Bolivia - Country Commercial Guide
Import Requirements & Documentation
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Imports must have the following documentation:

  • Invoice (unless a commercial sample under $25 in value)
  • Ocean bill of lading, inland bill of lading, through bill of lading, air waybill (air cargo)
  • Proof of insurance
  • Certificate of pre-shipment inspection (when applicable)
  • Port expenditures (when applicable)
  • Transportation invoice
  • Packing list
  • Certificate of origin (when applicable)
  • Other certificates (as needed)

Individuals may receive parcel post shipments valued at less than $5,000 by filling out a customs form at a Bolivian post office. Exporters should follow IATA or ICAO rules governing the labeling and packaging of dangerous and restricted goods and check with air carriers for further information and appropriate forms. 

Imports of perishable items, such as seafood products, must have sanitary health certificates issued in the country of origin of the product and comply with product specification, labeling, and marking standards.  Sanitary regulations are available through SENASAG (  Please refer to SENASAG for specific requirements for products, including cotton fiber; insecticides; pesticides; tobacco and tobacco products; livestock, swine, and poultry; seeds (treated and non-treated) and plants; food and beverages; and wheat.  Imports of tobacco and tobacco products must also have licenses issued by the Ministry of Health and Sports (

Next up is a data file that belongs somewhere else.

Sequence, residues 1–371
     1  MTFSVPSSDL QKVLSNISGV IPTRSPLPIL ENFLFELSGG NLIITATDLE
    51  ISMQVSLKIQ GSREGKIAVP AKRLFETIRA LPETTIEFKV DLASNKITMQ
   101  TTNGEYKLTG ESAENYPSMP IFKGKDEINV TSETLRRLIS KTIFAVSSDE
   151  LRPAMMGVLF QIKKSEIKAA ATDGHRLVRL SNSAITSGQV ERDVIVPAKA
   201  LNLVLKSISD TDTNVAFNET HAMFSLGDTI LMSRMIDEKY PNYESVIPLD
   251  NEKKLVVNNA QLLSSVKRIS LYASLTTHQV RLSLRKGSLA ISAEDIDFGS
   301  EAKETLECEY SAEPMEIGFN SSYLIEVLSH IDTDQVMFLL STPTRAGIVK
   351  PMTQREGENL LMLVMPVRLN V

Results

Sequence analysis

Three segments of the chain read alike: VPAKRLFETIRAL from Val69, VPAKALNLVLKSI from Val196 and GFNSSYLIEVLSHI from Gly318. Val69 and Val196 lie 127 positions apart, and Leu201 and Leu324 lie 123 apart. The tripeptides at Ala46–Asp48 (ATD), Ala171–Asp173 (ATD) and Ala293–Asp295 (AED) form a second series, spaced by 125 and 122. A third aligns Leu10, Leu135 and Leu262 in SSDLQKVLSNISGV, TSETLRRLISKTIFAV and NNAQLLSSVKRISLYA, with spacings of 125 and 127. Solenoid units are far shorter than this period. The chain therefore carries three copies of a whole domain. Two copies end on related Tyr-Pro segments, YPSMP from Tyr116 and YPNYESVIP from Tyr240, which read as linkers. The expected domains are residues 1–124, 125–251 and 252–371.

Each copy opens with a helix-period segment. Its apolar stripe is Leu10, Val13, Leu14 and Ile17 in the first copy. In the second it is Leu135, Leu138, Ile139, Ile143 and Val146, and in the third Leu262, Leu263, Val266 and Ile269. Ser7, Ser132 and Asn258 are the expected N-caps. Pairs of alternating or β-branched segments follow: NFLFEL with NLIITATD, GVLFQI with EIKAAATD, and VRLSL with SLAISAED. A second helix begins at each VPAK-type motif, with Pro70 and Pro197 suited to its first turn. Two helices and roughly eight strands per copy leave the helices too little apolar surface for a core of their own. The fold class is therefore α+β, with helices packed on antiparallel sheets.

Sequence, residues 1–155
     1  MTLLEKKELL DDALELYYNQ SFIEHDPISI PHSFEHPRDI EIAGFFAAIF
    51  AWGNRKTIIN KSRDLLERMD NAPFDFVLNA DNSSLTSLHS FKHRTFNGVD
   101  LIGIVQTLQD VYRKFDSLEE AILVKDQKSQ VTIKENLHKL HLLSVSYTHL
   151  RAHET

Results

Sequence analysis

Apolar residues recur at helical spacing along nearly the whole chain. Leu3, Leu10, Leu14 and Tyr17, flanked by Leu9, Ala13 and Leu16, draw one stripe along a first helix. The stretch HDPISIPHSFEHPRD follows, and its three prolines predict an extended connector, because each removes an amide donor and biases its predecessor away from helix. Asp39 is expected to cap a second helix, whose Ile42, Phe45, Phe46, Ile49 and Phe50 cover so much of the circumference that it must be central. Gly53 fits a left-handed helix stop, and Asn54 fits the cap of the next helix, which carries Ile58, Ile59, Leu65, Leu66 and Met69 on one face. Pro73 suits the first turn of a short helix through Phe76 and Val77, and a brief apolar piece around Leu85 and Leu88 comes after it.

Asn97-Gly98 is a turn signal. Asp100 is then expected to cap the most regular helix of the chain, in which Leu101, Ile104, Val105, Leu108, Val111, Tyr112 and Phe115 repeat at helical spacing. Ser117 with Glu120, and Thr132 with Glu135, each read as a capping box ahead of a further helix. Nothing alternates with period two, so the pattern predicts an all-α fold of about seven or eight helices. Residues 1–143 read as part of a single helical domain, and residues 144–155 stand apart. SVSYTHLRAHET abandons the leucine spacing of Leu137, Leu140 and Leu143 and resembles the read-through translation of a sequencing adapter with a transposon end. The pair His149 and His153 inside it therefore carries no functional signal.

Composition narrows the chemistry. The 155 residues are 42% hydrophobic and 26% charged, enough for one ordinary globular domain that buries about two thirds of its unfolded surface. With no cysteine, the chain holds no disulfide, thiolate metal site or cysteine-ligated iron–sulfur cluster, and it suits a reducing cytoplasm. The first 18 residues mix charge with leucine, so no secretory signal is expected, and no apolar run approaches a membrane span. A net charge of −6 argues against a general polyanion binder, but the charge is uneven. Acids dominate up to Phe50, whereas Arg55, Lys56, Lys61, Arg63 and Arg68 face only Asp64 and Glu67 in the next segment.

Pharmaceutical products must also be registered with the Ministry of Health and Sports and approved by the Ministry’s National Pharmacology and Health Technologies Agency (AGEMED) (  Please refer to their websites for obtaining sales permit certificates, labeling, and other specific guidelines.  Three samples of the product must be provided to the National Laboratory (INLASA) ( so that specialists can verify the content.  If pharmaceutical products contain drugs covered by the United Nations Convention against Illicit Traffic in Narcotic Drugs and Psychotropic Substances, importers must obtain special import permits from the Ministry of Health and Sports.  This may also include an authorization from the National Controlled Substances office with the Ministry of Government.

Imported products may be sold through established agents or distributors, or through subsidiaries.  Given their direct access to the Ministry of Health and Sports’ Medicines and Health Technology Unit (UNIMED), it may be easier to market products through agents or representatives.  If a representative registers pharmaceutical imports, they must have exclusive rights to import and be qualified to act as legal representatives.  Pharmaceutical brand names must also be registered with SENAPI at Pharmaceutical importers have commented that current regulatory requirements to import medicines add bureaucracy, including a requirement that forces importers to notarize their importation documents at the nearest Bolivian diplomatic post in their country.